School choice bill fails in House, sponsor to try again

by Steve Brawner ([email protected]) 455 views 

A bill that would create a pilot program allowing tax-credited donations for education savings accounts failed to pass the Arkansas House Thursday (March 16).

The vote on the Arkansas Parental Empowerment for Education Choice Act of 2017 was 37-47 with four voting present. The sponsor of House Bill 1222, Rep. Jim Dotson, R-Bentonville, said afterward that he would try to find more votes among those who voted either present or against. He said it’s too late in the session to amend the bill.

“It ain’t over until the end of the session,” he said.

He said the 22-page bill’s complexity may have led to the result Thursday.

“I tried to explain it the best I can, and maybe I didn’t go into enough detail or went into too much detail and people zoned out,” he said.

The bill would provide a 65% tax credit for private and corporate donations to nonprofit organizations. The donations would fund education savings accounts in amounts equal to public school foundation funding (which was $6,646 per student in 2016-17) for students to attend public, charter, private or home schools. Potentially, the donations would fund 694 accounts.

The donations would go first to students whose family incomes qualify them for free and reduced price lunches, followed by military dependents and then other students. Each public school district’s student losses would be capped at 1% a year per nonprofit, meaning a district could lose 5% of its students each year.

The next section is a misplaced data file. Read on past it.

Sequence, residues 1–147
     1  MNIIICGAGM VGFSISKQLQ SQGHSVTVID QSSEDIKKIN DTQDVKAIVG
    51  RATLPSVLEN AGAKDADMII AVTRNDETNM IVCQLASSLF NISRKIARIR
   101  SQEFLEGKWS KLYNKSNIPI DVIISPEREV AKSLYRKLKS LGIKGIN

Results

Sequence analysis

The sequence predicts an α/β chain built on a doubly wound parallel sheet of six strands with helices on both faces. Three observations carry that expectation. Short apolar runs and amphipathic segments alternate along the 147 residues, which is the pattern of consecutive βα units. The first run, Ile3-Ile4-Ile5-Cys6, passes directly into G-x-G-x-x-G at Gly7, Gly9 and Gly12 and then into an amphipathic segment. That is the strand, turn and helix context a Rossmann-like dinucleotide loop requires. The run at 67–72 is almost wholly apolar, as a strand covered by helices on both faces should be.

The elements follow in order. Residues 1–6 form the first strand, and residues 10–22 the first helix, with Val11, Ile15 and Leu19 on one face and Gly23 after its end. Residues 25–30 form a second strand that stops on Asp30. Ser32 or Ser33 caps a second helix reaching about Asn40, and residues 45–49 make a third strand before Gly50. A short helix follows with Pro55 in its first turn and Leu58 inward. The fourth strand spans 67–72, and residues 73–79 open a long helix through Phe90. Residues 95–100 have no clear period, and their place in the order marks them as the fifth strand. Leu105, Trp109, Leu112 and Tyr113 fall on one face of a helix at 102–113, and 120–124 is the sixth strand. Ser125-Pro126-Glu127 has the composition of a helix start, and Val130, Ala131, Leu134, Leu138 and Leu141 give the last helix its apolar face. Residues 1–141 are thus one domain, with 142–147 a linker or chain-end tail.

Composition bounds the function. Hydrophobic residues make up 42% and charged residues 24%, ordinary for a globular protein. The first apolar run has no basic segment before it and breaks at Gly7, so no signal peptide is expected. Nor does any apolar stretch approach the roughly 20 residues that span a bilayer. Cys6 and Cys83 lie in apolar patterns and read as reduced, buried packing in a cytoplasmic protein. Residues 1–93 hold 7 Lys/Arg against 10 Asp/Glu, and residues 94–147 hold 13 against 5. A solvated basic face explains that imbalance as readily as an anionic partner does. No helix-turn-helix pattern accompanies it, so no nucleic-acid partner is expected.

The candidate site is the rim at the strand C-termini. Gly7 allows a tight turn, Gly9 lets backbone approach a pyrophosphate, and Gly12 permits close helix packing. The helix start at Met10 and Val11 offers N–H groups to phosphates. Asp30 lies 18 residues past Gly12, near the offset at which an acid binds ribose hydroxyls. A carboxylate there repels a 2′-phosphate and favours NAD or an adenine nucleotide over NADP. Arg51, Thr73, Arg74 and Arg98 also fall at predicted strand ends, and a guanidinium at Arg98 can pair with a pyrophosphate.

The bill would sunset after four years and would be limited to $3 million in tax credits in each of its second, third and fourth years, meaning about $4.6 million could be donated with the 65% credit, and those are the only years when the money would be available for the accounts. No tax credits or education savings accounts would be awarded the first year.

Dotson argued that the program would result in $18.4 million in education-related contributions while providing $9 million of tax credits over the four years. For the students accessing the accounts, it could make a lifetime difference – even a generational one.

“This bill is about customizing an education opportunity for an individual student,” he said.

But several legislators spoke against the bill during the nearly hour-long debate. Rep. James Sturch, R-Batesville, said the pilot program would discriminate against parts of the state, including his, without alternatives to local public schools. He said the program would result in schools losing funding for each student, but they still would have to maintain facilities and pay utilities. He said one of his districts, Calico Rock, recently reached 70% of its students qualifying for free and reduced price lunches, qualifying it for an additional $170,000 a year. The loss of four students would drop it below that threshold, causing it to lose the school lunch and the per pupil funding.

Rep. Les Warren, R-Hot Springs, argued that the bill would contribute to the breakdown of public schools because of the loss of funding and because it would deplete schools of involved parents, while Rep. John Walker, D-Little Rock, said the reduction in money flowing to the state treasury would eventually affect public schools.

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